Sum of all Fibonacci numbers $1+1+2+3+5+8+\cdots = -1$? [duplicate]

I just found the sum of all Fibonacci numbers and I don't know if its right or not.

The Fibonacci sequence goes like this : $1,1,2,3,5,8,13,\dots$ and so on

So the Fibonacci series is this $1+1+2+3+5+8+13+\dots$

Let $1+1+2+3+5+8+\dots=x$

\begin{align} 1 + 1 + 2 + 3 + 5 + \dots &= x\\ 1 + 1 + 2 + 3 + \dots &= x\\ 1 + 2 + 3 + 5 + 8 + \dots &= 2x \text{ (shifting and adding)} \end{align}

We in fact get the same sequence. But the new sequence is one less than the original sequence. So the new sequence is $x-1$. But $x-1=2x$ which implies that $x=-1$.

So $1+1+2+3+5+8+\dots=x$ which means... $1+1+2+3+5+8+13+21+\dots=-1$

Is this right or wrong? Can someone please tell? Thanks...

• This is called divergent sum renormalisation. See Ramanujan's method. Commented Jan 4, 2018 at 8:37
• You have come to the correct conclusion in that divergent sum renormalisation techniques do indeed assign the value $-1$ to this series. Commented Jan 4, 2018 at 8:43
• A book on this subject would be Hardy - Divergent Series. Commented Jan 4, 2018 at 10:17
• The sum doesn't exist. The series diverges, as pointed out several times by others. However, there are ways of assigning real numbers to series other than summing them. Some of these methods even coincides with the sum whenever the sum exists, and thus bears some resemblance to the notion of sum that we know. You have found one such method, and that method assigns the value $-1$ to the Fibonacci series. It would also assign $-\frac1{12}$ to the series of the natural numbers, which gives users on this site headaches whenever it pops up. Commented Jan 4, 2018 at 10:32
• @Arthur and yet that -1/12 result seems to have practical applications on quantum physics... (i do get the same headaches too). Commented Jan 4, 2018 at 15:07

You're assuming that the limit of the sum of the first $n$ Fibonacci numbers exists as $n \to \infty$, which it doesn't. Which is to say that in order to apply your method, the series must be convergent but the series diverges, so your method is wrong. It is, however, related to the power series of the Fibonacci numbers, that is to say $$1+z+2z^2+3z^3+5z^4+8z^5+... = \sum_{n=0}^\infty F_{n+1}z^n=\frac{1}{1-z-z^2}$$

One can see that when we put $z=1$, the value is $-1$, as you assert in your answer.

However, this series is only convergent when $|z|<\dfrac{1}{\phi}$, where $\phi$ is the golden ratio, as should follow from Binet's Formula. See here for a derivation of the upper identity, and more information.

The problem is that the series you're trying to sum is divergent. You cannot manipulate divergent series by rules you can use with absolutely convergent series! Otherwise, by following the same "method" as yours, I can also claim the ridiculous statement that $1+2+3+\cdots=0$ as follows: \begin{align} 1 + 2 + 3 + 4 + 5 + \dots &= x\ \fbox1\\ 1 + 2 + 3 + 4 + \dots &= x\\ 1 + 3 + 5 + 7 + 9 + \dots &= 2x\ \fbox2 \end{align} Also multiplying $\fbox1$ by 2 gives $$2+4+6+8+10+\dots=2x\ \fbox3$$ So $\fbox1=\fbox2+\fbox3$ $\implies$ $x=2x+2x=4x$ $\implies$ $x=0$ as $1\ne4$.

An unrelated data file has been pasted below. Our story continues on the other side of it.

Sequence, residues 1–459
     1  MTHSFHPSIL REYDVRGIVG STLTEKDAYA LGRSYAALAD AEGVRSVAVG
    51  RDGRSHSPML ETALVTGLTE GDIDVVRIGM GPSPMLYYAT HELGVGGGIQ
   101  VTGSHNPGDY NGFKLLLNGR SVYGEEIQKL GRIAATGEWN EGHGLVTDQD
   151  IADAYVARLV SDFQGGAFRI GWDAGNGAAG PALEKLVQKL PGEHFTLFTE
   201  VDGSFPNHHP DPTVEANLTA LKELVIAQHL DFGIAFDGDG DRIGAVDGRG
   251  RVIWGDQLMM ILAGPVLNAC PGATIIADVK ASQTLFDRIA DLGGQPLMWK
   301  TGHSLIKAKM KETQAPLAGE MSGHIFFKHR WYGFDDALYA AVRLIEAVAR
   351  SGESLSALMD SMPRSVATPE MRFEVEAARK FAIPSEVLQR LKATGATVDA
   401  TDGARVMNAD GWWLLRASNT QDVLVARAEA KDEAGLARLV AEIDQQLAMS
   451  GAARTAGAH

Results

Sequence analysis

Obviously this is totally absurd. This is because I'm manipulating a divergent series by rules only allowed to be used with absolutely convergent series. If a series is divergent, it diverges – trying to make anything out of it is just pointless.

• "If a series is divergent, it diverges – trying to make anything out of it is just pointless" google eulers golden nugget. Commented Jan 4, 2018 at 9:05
• @Arjang Unfortunately, this does not prevent that many people keep on claiming that it is valid in some sense. Commented Jan 4, 2018 at 18:43
• @Peter : of course it is valid in many senses : youtube.com/watch?v=XFDM1ip5HdU Commented Jan 4, 2018 at 19:56

Since the terms of the series don't go to $0$, the series does not converge. Relatedly, $x=\infty$ also solves your equation $x-1=2x$.

• Good point, although $\infty$ should not be treated as a number because doing this can lead to absurd consequences. IF the series WOULD converge, the limit WOULD be $-1$, but since it doesn't, the limit isn't $-1$, so the equation is simply false. Commented Jan 4, 2018 at 18:54
• Peter, I agree, thanks! Commented Jan 4, 2018 at 20:38

This kind or reasoning (let $\sum{a_n}=x$ and so on) is valid iff the series converges. Otherwise is just a mathematical formalism, nice, but meaningless (at least in these context. Probably using Analytic continuation you can give some motivation to your results using generating functions). Obviously the fibonacci's succession doesn't converge to $0$, and so the series cannot converge.

• "Probably using Cesàro summation you can give some motivation to your results." As the wikipedia article you link to indicates, if the terms of a sequence diverge to infinity, it is not Cesaro summable. Commented Jan 4, 2018 at 8:53
• @PeteL.Clark You're right, thanks for the hint
– user515010
Commented Jan 4, 2018 at 9:07
• @gabrielecassese I agree to "meaningless", I do not know what should be "nice" , but that is a matter of taste. At least many fake proofs can be made this way, for those who like such fake proofs. Commented Jan 4, 2018 at 18:46